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The chaos theory is an aspect many different disciplines including, but not limited to, mathematics, philosophy, and physics. It covers many dynamical systems that are highly sensitive to initial conditions. This sensitivity is popularly referred to as the butterfly effect. Small differences in initial conditions yield widely diverging outcomes for chaotic systems, rendering long-term prediction nearly impossible. This happens despite the fact that these systems are deterministic(their future dynamics are fully determined by their initial conditions) by nature.
An important aspect of the chaos theory is the butterfly effect. This effect is simply a metaphor that encapsulates the concept of sensitive dependence on initial conditions; namely that small differences in the initial conditions of a dynamical system may produce large variations in the long term behavior of the system. Although this may appear to be an esoteric and unusual behavior, it can be proven easily. Let’s say a ball is placed at the crest of a hill. It might roll into any of several valleys depending on slight differences in initial position.
Topological mixing means that the system will evolve over time so that any given region or open set of its phase space will eventually overlap with any other given region. This mathematical concept of “mixing” corresponds to the standard intuition. Topological mixing is often omitted from popular accounts of chaos, which equate chaos with sensitivity to initial conditions. However, sensitive dependence on initial conditions alone does not give chaos. For example, consider the simple dynamical system produced by repeatedly doubling an initial value. This system has sensitive dependence on initial conditions everywhere, since any pair of nearby points will eventually become widely separated. However, this example has no topological mixing, and therefore has no chaos. As a matter of fact, it is extremely simple: all points except 0 tend to infinity.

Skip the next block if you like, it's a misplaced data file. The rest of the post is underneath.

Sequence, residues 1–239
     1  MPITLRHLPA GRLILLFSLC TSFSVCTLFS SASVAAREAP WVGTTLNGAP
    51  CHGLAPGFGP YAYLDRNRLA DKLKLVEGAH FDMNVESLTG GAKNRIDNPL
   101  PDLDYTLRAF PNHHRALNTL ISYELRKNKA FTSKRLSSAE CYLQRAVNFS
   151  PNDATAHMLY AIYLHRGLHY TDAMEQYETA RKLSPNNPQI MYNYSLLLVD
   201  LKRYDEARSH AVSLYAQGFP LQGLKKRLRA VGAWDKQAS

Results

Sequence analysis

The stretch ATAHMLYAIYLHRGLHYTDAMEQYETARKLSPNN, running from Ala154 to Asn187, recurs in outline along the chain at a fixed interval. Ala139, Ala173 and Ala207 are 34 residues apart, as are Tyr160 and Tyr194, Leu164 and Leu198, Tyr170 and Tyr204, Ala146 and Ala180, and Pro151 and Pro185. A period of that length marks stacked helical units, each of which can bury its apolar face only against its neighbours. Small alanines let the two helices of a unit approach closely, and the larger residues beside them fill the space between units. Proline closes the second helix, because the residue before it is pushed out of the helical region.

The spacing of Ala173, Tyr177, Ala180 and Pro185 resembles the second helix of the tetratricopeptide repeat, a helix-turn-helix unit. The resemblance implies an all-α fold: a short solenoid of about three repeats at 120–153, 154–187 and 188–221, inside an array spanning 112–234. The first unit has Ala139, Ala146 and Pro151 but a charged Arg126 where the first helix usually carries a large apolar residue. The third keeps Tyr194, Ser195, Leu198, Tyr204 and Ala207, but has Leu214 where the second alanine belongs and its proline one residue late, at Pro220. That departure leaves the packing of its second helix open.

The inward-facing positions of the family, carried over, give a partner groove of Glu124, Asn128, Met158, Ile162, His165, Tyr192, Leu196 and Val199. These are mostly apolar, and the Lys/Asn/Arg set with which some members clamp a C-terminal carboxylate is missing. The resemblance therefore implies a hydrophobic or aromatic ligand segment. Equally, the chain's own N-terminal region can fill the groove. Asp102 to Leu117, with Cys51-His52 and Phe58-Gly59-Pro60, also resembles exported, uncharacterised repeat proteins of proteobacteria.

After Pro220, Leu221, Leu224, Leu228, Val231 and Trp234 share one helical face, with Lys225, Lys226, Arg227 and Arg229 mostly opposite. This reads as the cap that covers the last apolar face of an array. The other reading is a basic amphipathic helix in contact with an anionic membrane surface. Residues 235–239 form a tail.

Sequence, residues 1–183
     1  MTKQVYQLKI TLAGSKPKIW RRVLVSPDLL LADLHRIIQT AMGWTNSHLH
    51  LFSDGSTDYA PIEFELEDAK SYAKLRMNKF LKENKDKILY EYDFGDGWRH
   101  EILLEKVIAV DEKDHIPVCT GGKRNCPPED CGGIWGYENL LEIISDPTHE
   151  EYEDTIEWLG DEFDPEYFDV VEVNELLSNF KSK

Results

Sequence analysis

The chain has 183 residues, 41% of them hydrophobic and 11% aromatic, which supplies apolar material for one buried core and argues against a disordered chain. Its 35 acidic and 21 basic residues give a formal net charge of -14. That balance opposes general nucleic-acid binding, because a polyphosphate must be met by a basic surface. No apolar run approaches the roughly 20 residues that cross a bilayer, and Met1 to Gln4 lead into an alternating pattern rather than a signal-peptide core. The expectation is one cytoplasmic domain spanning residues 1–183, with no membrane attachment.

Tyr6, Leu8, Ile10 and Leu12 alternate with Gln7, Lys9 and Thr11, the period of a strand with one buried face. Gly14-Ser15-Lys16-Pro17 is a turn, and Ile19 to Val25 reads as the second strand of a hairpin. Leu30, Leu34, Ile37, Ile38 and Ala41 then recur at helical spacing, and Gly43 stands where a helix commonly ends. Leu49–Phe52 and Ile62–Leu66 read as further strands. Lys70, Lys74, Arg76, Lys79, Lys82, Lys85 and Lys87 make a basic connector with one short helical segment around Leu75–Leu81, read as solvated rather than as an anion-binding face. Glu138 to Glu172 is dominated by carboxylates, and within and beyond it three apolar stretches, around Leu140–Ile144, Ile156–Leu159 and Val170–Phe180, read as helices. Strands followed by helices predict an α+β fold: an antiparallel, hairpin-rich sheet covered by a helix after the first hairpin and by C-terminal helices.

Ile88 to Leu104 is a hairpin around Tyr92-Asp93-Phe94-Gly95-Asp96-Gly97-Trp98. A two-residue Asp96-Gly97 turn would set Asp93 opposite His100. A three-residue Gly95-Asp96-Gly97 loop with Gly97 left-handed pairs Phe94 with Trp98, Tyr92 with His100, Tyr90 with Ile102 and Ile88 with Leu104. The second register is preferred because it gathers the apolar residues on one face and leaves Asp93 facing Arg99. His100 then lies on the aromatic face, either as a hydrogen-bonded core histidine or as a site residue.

The chaos theory has been observed in the laboratory in a variety of systems including electrical circuits, lasers, oscillating chemical reactions, fluid dynamics, and mechanical and magneto-mechanical devices. Observations of chaotic behavior in nature include the dynamics of satellites in the solar system, the time evolution of the magnetic field of celestial bodies, population growth in ecology, and the dynamics of the action potentials in neurons. One of the most successful applications of chaos theory has been in ecology, where dynamical systems have been used to show how population growth under density dependence can lead to chaotic dynamics.
Many studies and papers have been published about the chaos theory. Each passing year finds new perturbations related to the theory. There is a very in depth article about the chaos theory at this link. Here on Universe Today we have a great article about a related hypothesis: the Gaia Theory. Astronomy Cast offers a good episode about a chaotic behavior in quantum mechanics.